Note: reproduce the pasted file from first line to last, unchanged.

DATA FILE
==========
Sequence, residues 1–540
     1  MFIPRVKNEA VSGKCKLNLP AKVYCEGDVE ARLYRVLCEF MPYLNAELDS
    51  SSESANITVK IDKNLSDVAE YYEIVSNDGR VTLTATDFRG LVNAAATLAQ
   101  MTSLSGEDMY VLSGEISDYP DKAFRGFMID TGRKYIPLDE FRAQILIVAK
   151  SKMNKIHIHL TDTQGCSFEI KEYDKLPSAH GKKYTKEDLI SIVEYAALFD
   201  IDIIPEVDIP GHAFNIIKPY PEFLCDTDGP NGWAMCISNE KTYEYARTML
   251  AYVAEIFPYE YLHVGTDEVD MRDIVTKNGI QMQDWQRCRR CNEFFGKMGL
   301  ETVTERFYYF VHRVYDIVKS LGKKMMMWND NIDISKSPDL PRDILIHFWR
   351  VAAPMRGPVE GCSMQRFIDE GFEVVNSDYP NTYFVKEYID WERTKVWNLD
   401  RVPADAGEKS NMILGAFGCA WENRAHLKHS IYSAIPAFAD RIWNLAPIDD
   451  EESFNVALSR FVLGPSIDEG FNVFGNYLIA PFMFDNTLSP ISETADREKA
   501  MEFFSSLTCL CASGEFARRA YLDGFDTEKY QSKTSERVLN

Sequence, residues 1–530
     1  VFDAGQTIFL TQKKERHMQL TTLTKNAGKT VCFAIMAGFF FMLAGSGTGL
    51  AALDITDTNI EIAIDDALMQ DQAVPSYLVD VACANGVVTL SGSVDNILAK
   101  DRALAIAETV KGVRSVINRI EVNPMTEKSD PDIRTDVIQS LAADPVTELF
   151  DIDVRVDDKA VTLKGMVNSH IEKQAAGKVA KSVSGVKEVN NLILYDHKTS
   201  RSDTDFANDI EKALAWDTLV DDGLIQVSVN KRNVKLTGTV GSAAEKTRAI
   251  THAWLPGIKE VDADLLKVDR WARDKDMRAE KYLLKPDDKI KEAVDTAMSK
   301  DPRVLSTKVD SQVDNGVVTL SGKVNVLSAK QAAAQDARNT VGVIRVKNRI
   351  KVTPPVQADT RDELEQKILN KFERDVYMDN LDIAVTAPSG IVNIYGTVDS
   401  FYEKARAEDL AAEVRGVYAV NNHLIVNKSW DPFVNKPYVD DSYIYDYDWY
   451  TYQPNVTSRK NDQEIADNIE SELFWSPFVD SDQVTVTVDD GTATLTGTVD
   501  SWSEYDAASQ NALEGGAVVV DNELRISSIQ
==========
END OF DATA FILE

Sequence, residues 1–540
     1  MFIPRVKNEA VSGKCKLNLP AKVYCEGDVE ARLYRVLCEF MPYLNAELDS
    51  SSESANITVK IDKNLSDVAE YYEIVSNDGR VTLTATDFRG LVNAAATLAQ
   101  MTSLSGEDMY VLSGEISDYP DKAFRGFMID TGRKYIPLDE FRAQILIVAK
   151  SKMNKIHIHL TDTQGCSFEI KEYDKLPSAH GKKYTKEDLI SIVEYAALFD
   201  IDIIPEVDIP GHAFNIIKPY PEFLCDTDGP NGWAMCISNE KTYEYARTML
   251  AYVAEIFPYE YLHVGTDEVD MRDIVTKNGI QMQDWQRCRR CNEFFGKMGL
   301  ETVTERFYYF VHRVYDIVKS LGKKMMMWND NIDISKSPDL PRDILIHFWR
   351  VAAPMRGPVE GCSMQRFIDE GFEVVNSDYP NTYFVKEYID WERTKVWNLD
   401  RVPADAGEKS NMILGAFGCA WENRAHLKHS IYSAIPAFAD RIWNLAPIDD
   451  EESFNVALSR FVLGPSIDEG FNVFGNYLIA PFMFDNTLSP ISETADREKA
   501  MEFFSSLTCL CASGEFARRA YLDGFDTEKY QSKTSERVLN

Sequence, residues 1–530
     1  VFDAGQTIFL TQKKERHMQL TTLTKNAGKT VCFAIMAGFF FMLAGSGTGL
    51  AALDITDTNI EIAIDDALMQ DQAVPSYLVD VACANGVVTL SGSVDNILAK
   101  DRALAIAETV KGVRSVINRI EVNPMTEKSD PDIRTDVIQS LAADPVTELF
   151  DIDVRVDDKA VTLKGMVNSH IEKQAAGKVA KSVSGVKEVN NLILYDHKTS
   201  RSDTDFANDI EKALAWDTLV DDGLIQVSVN KRNVKLTGTV GSAAEKTRAI
   251  THAWLPGIKE VDADLLKVDR WARDKDMRAE KYLLKPDDKI KEAVDTAMSK
   301  DPRVLSTKVD SQVDNGVVTL SGKVNVLSAK QAAAQDARNT VGVIRVKNRI
   351  KVTPPVQADT RDELEQKILN KFERDVYMDN LDIAVTAPSG IVNIYGTVDS
   401  FYEKARAEDL AAEVRGVYAV NNHLIVNKSW DPFVNKPYVD DSYIYDYDWY
   451  TYQPNVTSRK NDQEIADNIE SELFWSPFVD SDQVTVTVDD GTATLTGTVD
   501  SWSEYDAASQ NALEGGAVVV DNELRISSIQ